There’s a new danger coming to roads near you. Revel, the rentable electric moped company that first got its start in New York City, has recently expanded into San Francisco and the Berkeley area. The company aims to help minimize the traffic congestion that’s long plagued the region and fill a gap in the “micromobility” market. The question is this: is it worth inviting Revel to the area if it puts everyone at risk?
The company has been linked to more than 340 collisions in just six months in their home market of New York. They even shut down for most of August to address safety concerns after their mopeds were involved in four death in just ten days. Recent reports have highlighted exactly how appealing and how dangerous these mopeds can be. Although they’re convenient, that very convenience may be a strike against them.
Now that Revel’s electric mopeds have made it to San Francisco, it’s time to consider whether they’re the right choice for the city. Understanding the company’s appeal and its many risks is an important step you can take to keeping yourself safe on the road. So, why is this company so successful despite its safety hazards?
The Rise of Revel
In many ways, the appearance of a company like Revel was inevitable. After Uber pioneered the concept of “rideshares,” the idea of sharable forms of transit became too tempting to resist. Bikeshare programs came next, allowing people to pick up and drop off traditional pedal-powered bikes at docking stations or at random. From there, rideshare and rentable transportation exploded. Electric bikes and scooters offered the ease of rideshares with the convenience and lower cost of the bikeshare programs.
What Revel has that e-bikes don’t is speed and ease of use. Mopeds don’t require the user to pedal at all and can easily reach speeds of 30 mph. They also allow riders to sit instead of stand, making them more appealing than scooters. They fill the final niche between walking and riding in a car.
In New York, these vehicles also offered some legal benefits. Until 2020, e-bikes and e-scooters were illegal in the city. However, electic mopeds were considered class B motorcycles; they already had legal precedent and guidelines surrounding their use. Anyone with a standard driver’s license is legally allowed to use a moped in the city as long as they follow the rules of the road.
People took advantage of that availability and flexibility in droves. When the pandemic began, Revel offered medical employees free rides as a marketing technique, and by the end of the year, their rider numbers had skyrocketed to more than 400,000. However, their rapid expansion also led to a steep rise in accidents.
A Checkered Safety Record
When Revel first began, they had minimal regulations in place. Essentially, they offered their mopeds to anyone who had a valid driver’s license and the funds to rent the ride. This quickly led to problems.
Revel riders were often spotted taking risks like riding the wrong way down one-way streets, riding on sidewalks, operating mopeds without helmets, and driving while intoxicated. In August, when Revel voluntarily shut down, they took measures to combat these risks. However, their strategies, which include requiring users to take selfies while wearing helmets and banning users identified as riding against traffic, only cut the problem in half. The email the company sent to customers included the quote, “We can’t believe we have to say this, but no running red lights.” However, accidents are continuing to occur.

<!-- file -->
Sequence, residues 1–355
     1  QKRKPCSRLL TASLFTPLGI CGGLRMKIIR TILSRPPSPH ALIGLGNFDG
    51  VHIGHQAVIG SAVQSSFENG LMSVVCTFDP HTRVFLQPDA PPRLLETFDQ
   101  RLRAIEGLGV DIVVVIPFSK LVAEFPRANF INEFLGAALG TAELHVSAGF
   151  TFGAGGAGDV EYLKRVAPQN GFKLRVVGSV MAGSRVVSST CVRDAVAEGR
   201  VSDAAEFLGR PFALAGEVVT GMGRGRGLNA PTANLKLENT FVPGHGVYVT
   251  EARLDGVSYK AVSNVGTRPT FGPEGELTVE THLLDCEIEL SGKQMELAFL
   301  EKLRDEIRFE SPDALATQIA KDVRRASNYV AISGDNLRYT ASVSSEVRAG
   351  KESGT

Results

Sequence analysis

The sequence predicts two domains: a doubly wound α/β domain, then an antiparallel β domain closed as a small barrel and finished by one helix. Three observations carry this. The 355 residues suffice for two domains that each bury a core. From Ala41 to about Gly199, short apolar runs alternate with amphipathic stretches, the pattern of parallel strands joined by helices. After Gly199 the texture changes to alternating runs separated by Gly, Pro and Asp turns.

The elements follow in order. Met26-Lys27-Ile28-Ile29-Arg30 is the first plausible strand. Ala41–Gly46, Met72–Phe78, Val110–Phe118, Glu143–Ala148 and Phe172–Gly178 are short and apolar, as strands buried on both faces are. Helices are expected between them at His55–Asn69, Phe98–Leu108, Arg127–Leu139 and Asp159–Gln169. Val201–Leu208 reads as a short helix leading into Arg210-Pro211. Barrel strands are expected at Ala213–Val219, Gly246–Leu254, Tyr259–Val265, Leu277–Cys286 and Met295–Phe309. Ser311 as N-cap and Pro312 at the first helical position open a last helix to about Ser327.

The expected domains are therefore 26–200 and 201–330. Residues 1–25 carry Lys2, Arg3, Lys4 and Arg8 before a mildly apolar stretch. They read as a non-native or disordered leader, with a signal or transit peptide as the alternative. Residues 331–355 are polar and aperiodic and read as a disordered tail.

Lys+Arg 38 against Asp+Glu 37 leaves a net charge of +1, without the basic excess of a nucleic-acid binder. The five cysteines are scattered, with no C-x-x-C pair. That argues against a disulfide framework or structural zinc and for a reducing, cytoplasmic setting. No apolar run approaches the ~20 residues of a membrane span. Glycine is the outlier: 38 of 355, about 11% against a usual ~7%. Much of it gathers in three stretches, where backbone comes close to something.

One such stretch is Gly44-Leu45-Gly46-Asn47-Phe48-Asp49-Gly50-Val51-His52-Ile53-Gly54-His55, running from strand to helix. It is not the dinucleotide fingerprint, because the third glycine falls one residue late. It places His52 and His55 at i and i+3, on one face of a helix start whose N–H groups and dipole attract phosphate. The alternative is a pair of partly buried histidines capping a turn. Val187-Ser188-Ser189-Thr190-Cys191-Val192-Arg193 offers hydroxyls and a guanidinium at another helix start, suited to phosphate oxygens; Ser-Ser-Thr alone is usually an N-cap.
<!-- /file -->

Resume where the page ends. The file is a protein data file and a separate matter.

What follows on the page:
For example, in New York state, more than 40 lawsuits have been filed against Revel due to safety concerns. Complaints vary, but they are all filed on behalf of people injured or killed in a the company’s moped accident. Pedestrians and riders alike have died because of a lack of training and safety precautions from the company.
The Increased Risks of Revel’s Rentals
Out of the many forms that ridesharing now takes, Revel’s mopeds are some of the riskiest. The problem is that the very aspects that make the company’s vehicles so appealing are the traits that make them dangerous.
Access: First, anyone with a valid standard driver’s license is legally allowed to drive a moped. However, mopeds do not drive like cars in the least; they require balance and an understanding of how two-wheeled vehicles operate.
Availability: Revel customers can get on any moped owned by the company, anywhere in the city. The ubiquity of these vehicles, combined with the lack of ownership, makes poor decisions like intoxicated driving or riding on sidewalks more likely.
Size: Even the biggest e-bike is not as large as a moped. The mopeds are heavy enough to cause riders and pedestrians alike severe injuries in a crash.
Speed: Finally, mopeds can easily reach the speed of traffic in the city, making it legally necessary for riders to stay on the road. In an accident between a moped and a car, the unprotected rider will always lose.
Quite simply, Revel has made fast, heavy vehicles available for anyone to drive while doing little to protect riders or other people on the road. That makes these scooters one of the most dangerous methods of travel available.
Safety vs. Mobility: Where to Draw the Line
Of course, no matter how dangerous Revel may be, there will always be some people to whom the benefits outweigh the risks. It’s no secret that commuting in the Bay Area is complicated and slow. For many people, riding a rideshare scooter will be appealing enough to overcome potential concerns. Even if Revel leaves the area or shuts down, it’s inevitable that another company will take its place.
For all these reasons, California must consider exactly what precautions these companies should put in place. There’s no reason for a commute to put so many people’s lives at risk. Until a more thorough training process and a better method of protecting pedestrians are put in place, Revel will continue to put all road users at risk.